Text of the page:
April 28, 2008
More Voices Whittle Away at Carbon Price Orthodoxy
Leaders in renewable energy are warning that a carbon price won't be enough to support promising new energy technologies. From a Capitol Hill briefing hosted by the Energy and Environmental Institute earlier this month, Renewable Energy World reported:
Proclaiming "give us a chance, we'll deliver" and "2009 will be a new beginning," leaders of several renewable energy groups this week asserted electricity from wind, solar, geothermal, biomass and hydro can help the U.S. make substantial progress toward mitigating the buildup of carbon dioxide in the earth's atmosphere.
But some, such as Karl Gawell, Executive Director of the Geothermal Energy Association, acknowledged that, "raising the cost of carbon won't do the job alone...we're going to need to be using everything we can."
That's good news, and part of an ongoing trend of questioning the carbon price orthodoxy. Jeffrey Sachs, Monica Prasad, Roger Pielke, Jr., and others are part of a growing movement calling for direct investment in clean energy technology to drive innovation.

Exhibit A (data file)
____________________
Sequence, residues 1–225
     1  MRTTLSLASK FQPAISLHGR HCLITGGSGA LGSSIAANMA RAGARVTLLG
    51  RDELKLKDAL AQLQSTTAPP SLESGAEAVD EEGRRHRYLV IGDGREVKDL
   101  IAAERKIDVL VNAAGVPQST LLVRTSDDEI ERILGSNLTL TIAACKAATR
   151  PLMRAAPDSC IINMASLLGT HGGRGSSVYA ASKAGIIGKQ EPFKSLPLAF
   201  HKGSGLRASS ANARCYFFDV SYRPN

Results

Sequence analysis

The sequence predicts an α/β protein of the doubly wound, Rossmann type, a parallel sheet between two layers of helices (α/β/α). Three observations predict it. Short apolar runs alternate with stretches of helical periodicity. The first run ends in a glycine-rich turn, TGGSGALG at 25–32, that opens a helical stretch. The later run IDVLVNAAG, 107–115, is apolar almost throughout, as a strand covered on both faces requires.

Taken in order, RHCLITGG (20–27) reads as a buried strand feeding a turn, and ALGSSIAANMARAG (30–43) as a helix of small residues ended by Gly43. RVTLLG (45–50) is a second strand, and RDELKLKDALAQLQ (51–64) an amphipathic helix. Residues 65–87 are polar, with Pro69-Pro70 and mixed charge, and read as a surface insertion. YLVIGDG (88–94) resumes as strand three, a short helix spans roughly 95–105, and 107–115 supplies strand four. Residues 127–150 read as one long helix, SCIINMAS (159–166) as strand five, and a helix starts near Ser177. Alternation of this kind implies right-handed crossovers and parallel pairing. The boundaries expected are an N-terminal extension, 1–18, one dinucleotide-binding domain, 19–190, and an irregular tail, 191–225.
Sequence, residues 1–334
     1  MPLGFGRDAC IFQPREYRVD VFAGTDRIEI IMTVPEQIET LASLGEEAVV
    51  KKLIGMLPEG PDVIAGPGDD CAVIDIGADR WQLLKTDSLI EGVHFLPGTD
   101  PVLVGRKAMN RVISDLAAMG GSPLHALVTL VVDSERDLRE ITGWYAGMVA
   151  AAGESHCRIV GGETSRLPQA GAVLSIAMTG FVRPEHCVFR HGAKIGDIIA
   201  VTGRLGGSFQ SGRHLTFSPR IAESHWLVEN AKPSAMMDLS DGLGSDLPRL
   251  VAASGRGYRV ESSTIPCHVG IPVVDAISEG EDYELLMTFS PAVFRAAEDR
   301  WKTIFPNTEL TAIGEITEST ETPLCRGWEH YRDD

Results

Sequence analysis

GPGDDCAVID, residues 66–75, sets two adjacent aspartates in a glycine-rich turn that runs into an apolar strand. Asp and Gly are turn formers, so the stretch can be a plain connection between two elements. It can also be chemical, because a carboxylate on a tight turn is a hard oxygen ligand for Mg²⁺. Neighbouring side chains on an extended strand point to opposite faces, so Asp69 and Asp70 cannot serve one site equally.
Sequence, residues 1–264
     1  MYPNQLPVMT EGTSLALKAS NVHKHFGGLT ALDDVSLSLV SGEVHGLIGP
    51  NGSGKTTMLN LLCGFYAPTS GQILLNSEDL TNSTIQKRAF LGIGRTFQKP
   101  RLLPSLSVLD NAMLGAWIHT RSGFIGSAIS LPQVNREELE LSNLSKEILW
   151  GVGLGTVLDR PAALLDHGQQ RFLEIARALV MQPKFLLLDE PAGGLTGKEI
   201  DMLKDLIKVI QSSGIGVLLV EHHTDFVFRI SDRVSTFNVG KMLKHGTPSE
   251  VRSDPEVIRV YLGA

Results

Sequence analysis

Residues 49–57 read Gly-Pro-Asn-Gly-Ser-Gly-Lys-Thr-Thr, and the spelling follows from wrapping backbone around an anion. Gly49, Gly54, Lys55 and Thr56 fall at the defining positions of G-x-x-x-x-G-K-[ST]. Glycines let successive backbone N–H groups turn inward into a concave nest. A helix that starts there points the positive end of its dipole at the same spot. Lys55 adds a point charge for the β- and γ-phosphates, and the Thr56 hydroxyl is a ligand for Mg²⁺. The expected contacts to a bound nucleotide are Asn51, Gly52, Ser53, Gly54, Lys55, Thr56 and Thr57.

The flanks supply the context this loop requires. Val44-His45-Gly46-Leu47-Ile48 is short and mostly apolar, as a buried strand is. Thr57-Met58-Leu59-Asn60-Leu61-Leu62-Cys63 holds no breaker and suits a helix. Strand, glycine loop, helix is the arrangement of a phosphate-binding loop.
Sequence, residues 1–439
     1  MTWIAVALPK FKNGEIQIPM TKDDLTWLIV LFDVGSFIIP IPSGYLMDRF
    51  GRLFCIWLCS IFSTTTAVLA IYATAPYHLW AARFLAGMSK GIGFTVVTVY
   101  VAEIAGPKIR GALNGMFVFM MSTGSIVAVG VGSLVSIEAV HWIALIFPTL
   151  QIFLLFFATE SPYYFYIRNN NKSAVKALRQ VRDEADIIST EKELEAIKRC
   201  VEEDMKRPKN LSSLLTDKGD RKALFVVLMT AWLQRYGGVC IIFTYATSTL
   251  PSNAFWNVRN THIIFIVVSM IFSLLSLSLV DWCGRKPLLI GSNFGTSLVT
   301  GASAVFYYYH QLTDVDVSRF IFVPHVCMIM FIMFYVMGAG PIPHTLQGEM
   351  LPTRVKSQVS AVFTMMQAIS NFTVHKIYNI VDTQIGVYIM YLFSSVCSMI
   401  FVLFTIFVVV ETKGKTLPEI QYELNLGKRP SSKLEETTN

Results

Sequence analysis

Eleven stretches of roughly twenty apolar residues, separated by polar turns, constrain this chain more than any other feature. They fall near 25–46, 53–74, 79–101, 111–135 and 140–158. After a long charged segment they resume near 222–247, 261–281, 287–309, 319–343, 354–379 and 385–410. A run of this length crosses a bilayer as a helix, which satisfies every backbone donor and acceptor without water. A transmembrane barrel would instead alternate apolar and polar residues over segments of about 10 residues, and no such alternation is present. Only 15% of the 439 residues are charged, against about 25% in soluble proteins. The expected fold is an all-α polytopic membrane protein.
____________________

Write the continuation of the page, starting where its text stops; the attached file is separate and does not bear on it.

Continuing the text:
The less good news is the leaders at this briefing aren't mentioning investment in innovation in their proposals to complement a carbon price:
Each of the leaders called for "set-asides," tax-credit equity," "offsets," and/or proceeds from any auctions of carbon emission credits as integral, if not critical, to make renewables a major part of any climate change strategy. Feed-in tariffs entered the discussion briefly as efforts by U.S. Rep. Jay Inslee, D-WA, appear to be gaining traction as a vehicle for enabling a cleaner energy future with his proposal for "performance-based incentives" draft legislation.
Ana Cohen, Deputy Staff Director of the House Select Committee on Energy Independence & Global Warming, on which Inslee serves, credited feed-in tariffs in Germany and other countries for positioning companies throughout the European Union to amass significant competitive advantages in U.S. market over the American companies.
"If we don't take real strong action, projects will be managed by European companies," Cohen said. She asserted that few policies will work as well as putting a price on a ton of carbon emitted by electric generators and other industrial sources. But she echoed Karl Gawell in asserting a carbon cap or tax won't be enough. To overcome various market barriers, other measures are needed, including mandates to connect renewables to the grid and stronger state and local building codes.
The focus was largely on things like renewable energy standards or feed-in tariffs. But it's not surprising for a group of renewable energy trade associations, whose job it is to further the immediate commercial interests of their member firms. That helps to explain the focus on short term solutions like the production tax credit.
But this still helps to whittle away at the carbon price orthodoxy, opening the door to policies that propose major federal investment in technology.